Wells Fargo on Friday announced it will pay a total of $575 million to resolve civil claims with all 50 state Attorneys General and the District of Columbia that the bank violated state consumer protection laws.

Specifically, Wells Fargo Bank violated state consumer protection laws by: (1) opening millions of unauthorized accounts and enrolling customers into online banking services without their knowledge or consent, (2) improperly referring customers for enrollment in third-party renters and life insurance policies, (3) improperly force-placing and charging more than 850,000 auto finance customers for unnecessary and duplicative insurance policies, (4) failing to ensure that customers received refunds of unearned premiums on certain optional auto finance products, and (5) incorrectly charging customers for mortgage rate lock extension fees.

“Wells Fargo is paying over half a billion dollars to the states because of conduct that caused widespread harm on a national level, in bank accounts, auto loans, and mortgages,” said Pennsylvania Attorney General Josh Shapiro, whose Bureau of Consumer Protection co-led the investigation and negotiation of the settlement.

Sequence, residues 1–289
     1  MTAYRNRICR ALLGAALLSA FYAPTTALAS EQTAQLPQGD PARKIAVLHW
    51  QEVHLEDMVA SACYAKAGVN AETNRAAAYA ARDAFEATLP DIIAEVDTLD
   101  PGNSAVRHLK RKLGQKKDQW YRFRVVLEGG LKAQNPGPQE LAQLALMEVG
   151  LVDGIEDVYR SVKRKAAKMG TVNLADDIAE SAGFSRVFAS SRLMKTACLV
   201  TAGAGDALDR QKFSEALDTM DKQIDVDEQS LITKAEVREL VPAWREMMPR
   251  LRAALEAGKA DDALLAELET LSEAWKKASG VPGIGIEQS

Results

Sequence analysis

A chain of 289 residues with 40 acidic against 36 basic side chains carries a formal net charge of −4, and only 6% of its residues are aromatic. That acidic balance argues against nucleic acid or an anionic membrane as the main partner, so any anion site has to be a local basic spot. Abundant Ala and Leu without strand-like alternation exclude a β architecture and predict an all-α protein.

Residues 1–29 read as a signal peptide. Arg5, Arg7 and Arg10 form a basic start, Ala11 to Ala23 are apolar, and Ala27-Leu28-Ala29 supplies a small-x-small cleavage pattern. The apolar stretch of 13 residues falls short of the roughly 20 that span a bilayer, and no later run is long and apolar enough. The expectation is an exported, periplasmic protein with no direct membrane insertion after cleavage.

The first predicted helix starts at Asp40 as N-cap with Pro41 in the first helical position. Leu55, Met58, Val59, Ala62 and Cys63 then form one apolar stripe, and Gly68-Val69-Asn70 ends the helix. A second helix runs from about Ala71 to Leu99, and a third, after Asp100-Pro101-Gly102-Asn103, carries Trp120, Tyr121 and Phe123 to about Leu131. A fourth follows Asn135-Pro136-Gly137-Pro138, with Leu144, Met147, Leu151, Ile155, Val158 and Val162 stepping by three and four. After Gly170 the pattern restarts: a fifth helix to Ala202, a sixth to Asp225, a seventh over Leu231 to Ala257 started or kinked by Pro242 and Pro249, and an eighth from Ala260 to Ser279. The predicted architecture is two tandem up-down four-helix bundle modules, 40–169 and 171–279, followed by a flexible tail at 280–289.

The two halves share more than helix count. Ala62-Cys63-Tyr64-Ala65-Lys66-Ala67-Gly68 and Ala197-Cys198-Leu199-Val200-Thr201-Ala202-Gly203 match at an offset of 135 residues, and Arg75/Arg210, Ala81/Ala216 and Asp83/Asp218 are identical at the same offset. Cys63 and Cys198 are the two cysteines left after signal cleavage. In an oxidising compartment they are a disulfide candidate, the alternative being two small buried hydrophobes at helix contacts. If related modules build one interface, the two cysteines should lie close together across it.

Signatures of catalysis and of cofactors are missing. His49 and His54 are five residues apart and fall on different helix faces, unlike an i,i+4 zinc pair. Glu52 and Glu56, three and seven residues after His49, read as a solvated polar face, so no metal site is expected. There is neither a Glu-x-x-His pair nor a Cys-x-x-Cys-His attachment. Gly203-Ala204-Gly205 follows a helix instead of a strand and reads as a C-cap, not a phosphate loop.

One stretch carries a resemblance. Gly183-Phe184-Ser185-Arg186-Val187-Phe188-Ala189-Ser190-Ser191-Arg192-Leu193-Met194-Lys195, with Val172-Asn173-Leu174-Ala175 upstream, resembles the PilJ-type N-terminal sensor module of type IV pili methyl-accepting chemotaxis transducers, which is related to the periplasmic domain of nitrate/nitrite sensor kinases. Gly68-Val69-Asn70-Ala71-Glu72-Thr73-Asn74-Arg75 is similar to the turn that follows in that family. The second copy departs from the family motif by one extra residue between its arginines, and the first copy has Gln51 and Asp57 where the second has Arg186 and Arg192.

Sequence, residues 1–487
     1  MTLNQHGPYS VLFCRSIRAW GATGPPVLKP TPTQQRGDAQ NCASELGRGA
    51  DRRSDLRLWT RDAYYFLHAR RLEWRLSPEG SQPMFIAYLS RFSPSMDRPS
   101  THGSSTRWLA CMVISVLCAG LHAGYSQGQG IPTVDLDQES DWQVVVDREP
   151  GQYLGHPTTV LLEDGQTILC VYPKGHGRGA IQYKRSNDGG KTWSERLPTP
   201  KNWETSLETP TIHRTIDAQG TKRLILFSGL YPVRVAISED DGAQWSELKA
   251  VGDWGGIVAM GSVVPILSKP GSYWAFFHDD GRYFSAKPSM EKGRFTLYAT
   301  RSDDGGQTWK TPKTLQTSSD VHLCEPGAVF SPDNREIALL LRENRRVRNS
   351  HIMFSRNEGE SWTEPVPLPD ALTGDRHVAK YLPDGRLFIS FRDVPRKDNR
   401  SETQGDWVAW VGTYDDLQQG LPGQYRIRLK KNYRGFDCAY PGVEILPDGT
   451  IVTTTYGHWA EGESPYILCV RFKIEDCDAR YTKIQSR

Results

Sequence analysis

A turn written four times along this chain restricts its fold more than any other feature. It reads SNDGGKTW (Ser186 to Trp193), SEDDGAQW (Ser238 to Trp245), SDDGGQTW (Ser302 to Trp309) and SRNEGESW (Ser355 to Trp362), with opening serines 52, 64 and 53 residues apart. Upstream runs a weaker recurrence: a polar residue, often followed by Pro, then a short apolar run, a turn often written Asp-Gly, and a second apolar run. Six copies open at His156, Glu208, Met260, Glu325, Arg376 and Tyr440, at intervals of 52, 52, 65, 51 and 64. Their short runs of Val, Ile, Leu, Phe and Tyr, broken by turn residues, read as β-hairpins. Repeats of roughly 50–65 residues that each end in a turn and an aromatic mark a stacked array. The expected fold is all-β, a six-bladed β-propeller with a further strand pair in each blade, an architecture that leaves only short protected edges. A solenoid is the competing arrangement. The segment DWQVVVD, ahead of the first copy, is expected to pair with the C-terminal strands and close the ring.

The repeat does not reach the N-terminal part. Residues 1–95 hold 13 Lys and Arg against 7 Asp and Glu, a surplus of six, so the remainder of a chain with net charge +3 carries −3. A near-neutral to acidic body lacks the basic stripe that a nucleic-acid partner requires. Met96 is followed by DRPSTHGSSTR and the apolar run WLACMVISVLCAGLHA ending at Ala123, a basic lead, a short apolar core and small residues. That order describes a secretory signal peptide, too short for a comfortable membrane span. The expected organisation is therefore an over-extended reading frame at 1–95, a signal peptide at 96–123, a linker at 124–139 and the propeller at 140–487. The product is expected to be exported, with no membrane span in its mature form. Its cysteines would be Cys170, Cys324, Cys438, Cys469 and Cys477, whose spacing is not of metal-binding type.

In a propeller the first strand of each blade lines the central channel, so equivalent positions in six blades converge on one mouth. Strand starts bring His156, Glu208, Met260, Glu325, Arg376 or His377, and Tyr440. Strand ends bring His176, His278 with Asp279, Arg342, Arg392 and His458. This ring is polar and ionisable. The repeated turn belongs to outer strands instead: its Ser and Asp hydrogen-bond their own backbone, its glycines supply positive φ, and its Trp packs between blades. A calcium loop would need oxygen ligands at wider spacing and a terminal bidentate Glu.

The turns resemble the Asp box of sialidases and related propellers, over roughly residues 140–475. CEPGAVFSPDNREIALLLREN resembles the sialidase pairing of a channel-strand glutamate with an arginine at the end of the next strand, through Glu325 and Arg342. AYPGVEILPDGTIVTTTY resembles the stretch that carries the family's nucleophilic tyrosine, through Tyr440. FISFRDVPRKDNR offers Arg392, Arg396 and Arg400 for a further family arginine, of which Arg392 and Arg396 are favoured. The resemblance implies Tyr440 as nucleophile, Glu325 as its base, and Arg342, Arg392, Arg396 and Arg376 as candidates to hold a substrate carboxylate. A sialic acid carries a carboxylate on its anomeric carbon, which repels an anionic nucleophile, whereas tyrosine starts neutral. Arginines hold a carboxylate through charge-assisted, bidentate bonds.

“This bank opened millions of accounts for customers who didn’t know about them, charged auto finance customers for insurance policies they didn’t want or need, and charged mortgage customers over $100 million in unwarranted fees,” Shapiro added. “With this settlement, we are holding Wells Fargo accountable and changing corporate conduct to protect consumers.”

Wells Fargo said it has been engaged with its federal regulators to address these issues and is remediating affected customers. “This agreement underscores our serious commitment to making things right in regard to past issues as we work to build a better bank,” Wells Fargo Chief Executive Officer and President Tim Sloan said in a response statement.

Wells Fargo said it will provide periodic reports to the states on the progress of its existing remediation efforts. As of the end of third quarter 2018, the company had accrued $400 million of the settlement amount and expects to accrue the remaining $175 million in fourth quarter 2018.

Wells Fargo made Compliance Week’s list of the top ethics and compliance failures of both 2016 and 2018 for its unethical conduct.